We would very much like to remember pets who have passed, whether recent or many years ago (because as we all know, they never leave us). Please email words and photos and I will do my best to honour them over time in our posts.
So I am going to start with my lovely collie Bob, who came to us along with his equally wonderful sister Zak, from the Cinnamon Trust in November 2016 at the grand old age of 11 & 3/4 years. They should have lived out their dotage at The Trust but Zak had attitude and a bit of a vendetta going on towards another pet resident and so we were lucky enough to be able to offer them a home. Thanks to the wonderful lady who went against the grain in making that decision because, as we all now know, it turned out to be right.
My son was nearly six years old. He didn’t know we were getting the dogs and he didn’t know they were ours for the first few weeks. He bought my untruths about how we were looking after them for a friend whilst I waited to see how they settled in (I know, you should never lie to kids). When he realised they were staying for good he was delighted. Bob was his dog and Zak was mine on George’s say so. Bob was goofy and gentle and he became my son’s sidekick. He had the usual collie ball addiction and, even when he lost his sight and his mobility was declining, he could still tackle a football with aplomb. It was a true bromance.
As the saying goes, ‘Every boy should have two things: a dog, and a mother willing to let him have one.’
Bob and his sister were the best walking companions, over the moors and along the coast. I felt safe walking solo anywhere with them. I miss that part of what we had so much.
They accompanied us on camping trips although Bob developed a particular aversion to travelling in my van-possibly as he spent one trip down to the tip of Cornwall wedged unnoticed on top of the camping loo. We did wonder why he didn’t exit the van when we arrived! After that the more practical van had to be put aside for travelling in the car, with the dogs more than comfortable inside and everything else strapped precariously (and with much blood, sweat and tears) on the roof.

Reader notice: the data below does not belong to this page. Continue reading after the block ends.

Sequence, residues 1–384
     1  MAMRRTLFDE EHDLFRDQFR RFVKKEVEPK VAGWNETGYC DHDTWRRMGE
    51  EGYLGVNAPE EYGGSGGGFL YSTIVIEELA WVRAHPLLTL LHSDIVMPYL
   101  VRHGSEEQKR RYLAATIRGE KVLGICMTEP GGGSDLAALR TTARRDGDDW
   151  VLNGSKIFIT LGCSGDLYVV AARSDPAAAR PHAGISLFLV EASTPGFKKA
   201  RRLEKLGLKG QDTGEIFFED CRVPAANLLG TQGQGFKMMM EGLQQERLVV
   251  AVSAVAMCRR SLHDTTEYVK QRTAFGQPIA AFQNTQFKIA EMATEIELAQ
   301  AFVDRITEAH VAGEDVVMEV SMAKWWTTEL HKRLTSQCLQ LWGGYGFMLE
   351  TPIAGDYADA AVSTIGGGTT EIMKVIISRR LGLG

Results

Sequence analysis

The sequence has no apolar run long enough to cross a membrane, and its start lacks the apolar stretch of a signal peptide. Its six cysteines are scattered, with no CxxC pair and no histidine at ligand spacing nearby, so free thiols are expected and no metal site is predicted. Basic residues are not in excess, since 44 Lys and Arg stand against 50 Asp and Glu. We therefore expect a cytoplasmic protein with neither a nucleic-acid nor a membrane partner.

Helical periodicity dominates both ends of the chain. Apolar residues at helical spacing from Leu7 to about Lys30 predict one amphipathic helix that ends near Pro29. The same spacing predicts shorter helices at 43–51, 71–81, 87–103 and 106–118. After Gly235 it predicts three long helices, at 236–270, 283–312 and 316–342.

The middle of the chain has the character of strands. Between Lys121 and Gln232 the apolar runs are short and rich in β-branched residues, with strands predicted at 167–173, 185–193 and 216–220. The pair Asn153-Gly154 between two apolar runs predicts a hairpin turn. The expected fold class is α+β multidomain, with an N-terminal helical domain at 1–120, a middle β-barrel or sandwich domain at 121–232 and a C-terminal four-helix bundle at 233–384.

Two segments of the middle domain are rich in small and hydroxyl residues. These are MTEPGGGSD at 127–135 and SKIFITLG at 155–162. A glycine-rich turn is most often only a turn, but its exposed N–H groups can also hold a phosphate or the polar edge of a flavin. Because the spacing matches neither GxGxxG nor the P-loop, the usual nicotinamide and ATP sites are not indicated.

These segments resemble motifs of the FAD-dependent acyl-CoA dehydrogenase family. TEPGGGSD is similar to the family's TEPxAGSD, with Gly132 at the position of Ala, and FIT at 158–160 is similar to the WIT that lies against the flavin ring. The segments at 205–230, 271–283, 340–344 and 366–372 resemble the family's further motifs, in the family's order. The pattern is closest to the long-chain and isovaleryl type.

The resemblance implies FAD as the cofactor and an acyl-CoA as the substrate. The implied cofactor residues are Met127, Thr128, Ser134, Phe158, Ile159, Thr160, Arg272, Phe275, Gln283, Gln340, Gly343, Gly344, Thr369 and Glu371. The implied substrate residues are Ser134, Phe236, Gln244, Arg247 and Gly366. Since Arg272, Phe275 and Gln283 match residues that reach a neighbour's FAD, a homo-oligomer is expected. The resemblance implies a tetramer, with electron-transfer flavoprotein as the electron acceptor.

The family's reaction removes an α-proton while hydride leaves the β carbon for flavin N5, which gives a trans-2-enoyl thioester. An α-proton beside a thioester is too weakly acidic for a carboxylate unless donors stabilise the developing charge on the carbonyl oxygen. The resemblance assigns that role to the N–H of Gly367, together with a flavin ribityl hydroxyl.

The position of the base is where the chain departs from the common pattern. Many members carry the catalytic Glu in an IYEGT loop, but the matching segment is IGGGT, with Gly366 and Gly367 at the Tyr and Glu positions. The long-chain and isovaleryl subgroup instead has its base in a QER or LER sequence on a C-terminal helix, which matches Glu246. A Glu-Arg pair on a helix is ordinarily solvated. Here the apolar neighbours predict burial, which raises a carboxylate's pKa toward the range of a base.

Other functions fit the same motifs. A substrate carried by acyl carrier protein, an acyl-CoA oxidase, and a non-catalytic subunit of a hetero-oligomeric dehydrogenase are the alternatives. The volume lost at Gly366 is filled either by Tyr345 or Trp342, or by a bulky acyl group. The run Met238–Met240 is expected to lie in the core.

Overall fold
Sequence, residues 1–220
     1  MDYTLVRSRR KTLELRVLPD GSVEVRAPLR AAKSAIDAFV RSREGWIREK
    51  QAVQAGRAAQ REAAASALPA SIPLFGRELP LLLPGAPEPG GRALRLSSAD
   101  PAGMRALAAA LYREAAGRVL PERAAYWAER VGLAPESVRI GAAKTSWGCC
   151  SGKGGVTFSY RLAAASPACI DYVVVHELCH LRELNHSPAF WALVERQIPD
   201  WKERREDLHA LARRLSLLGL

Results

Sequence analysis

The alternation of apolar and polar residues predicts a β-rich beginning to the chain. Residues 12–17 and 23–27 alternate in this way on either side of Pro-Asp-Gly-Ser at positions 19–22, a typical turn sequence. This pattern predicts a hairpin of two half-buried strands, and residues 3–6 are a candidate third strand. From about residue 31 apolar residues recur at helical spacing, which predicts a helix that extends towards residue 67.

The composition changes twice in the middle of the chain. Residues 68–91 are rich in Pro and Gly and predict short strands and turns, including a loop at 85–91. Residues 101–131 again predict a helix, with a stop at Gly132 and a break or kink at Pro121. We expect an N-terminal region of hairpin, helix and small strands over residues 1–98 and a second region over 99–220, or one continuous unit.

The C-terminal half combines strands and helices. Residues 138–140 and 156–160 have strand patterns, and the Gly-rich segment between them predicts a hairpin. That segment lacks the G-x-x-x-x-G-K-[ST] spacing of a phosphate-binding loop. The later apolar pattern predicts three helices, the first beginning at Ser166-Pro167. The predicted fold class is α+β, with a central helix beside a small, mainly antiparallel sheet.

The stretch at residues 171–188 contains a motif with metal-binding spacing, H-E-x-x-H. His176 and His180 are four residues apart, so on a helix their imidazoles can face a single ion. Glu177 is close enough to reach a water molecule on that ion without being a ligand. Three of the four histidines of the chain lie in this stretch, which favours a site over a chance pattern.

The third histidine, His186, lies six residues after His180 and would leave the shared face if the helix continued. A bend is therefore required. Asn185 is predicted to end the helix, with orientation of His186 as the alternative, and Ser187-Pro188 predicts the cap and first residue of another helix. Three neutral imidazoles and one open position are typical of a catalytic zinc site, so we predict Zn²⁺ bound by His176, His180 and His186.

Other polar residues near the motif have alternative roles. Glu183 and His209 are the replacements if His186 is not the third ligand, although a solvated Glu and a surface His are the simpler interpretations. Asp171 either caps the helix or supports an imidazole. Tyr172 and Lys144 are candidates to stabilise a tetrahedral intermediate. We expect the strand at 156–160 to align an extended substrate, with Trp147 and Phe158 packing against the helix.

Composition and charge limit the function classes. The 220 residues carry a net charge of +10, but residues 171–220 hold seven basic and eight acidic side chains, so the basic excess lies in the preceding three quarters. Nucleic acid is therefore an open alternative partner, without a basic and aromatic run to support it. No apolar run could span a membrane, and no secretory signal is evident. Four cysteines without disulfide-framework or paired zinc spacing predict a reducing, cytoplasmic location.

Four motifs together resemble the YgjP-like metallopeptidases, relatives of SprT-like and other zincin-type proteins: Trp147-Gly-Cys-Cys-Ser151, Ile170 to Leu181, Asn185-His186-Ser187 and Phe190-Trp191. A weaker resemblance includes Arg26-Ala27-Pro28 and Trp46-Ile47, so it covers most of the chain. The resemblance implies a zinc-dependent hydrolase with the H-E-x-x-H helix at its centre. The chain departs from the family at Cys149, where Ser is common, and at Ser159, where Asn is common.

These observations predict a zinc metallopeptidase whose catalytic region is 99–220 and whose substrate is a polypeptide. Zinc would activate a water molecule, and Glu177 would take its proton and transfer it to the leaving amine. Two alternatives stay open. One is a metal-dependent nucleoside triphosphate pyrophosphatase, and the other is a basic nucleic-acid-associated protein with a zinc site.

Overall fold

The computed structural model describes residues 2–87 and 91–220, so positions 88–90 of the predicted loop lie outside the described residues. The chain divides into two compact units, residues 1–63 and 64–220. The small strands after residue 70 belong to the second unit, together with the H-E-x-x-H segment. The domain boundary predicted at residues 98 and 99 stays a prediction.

Neither Bob nor Zak were water lovers but, regardless, Bob seemed to be magnetically drawn to filthy ditch water and had to be rescued from several bogs and ponds. He was particularly adept at getting his head wedged, submerged, under banks. He never panicked, just waited patiently for me to haul him out! I thought I’d cracked it with survival style bodysuits to keep him pristine-but he’d just run at speed, get his legs knotted up and faceplant spectacularly.
We sadly lost Zak to cancer in October 2018 but Bob carried on his happy self. His mobility declined from Christmas 2019. We kept him comfortable with palliative care. Especial thanks to Shona at Dovetree Veterinary Care for acupuncture and assistance with Bob’s pain management.
He continued to love his morning frankfurters and his Bacon Sizzlers. He could still do the odd ‘flozzle’ on the grass outside and he quite enjoyed being included in the home schooling efforts as the pandemic unfolded. It was good to be at home more for him as by now he had lost his sight fully through diabetes and his once acute hearing had left him. His walks became purely pavement sniffing affairs.
As summer wore on we decided it was time to say goodbye.
We let Bob go one sunny August evening whilst he was dozing outside in the garden, with his best friend George by his side. I was very proud of George. It was lovely and peaceful and comforting. Bob is buried next to his sister in our garden.
Bob and Zak were a blessing to my family. The people who made it all happen at the Cinnamon Trust and who cared for the dogs in their previous life know how grateful I will always be to them for affording us the few very treasured years that we had with our ‘little team’. They were adored.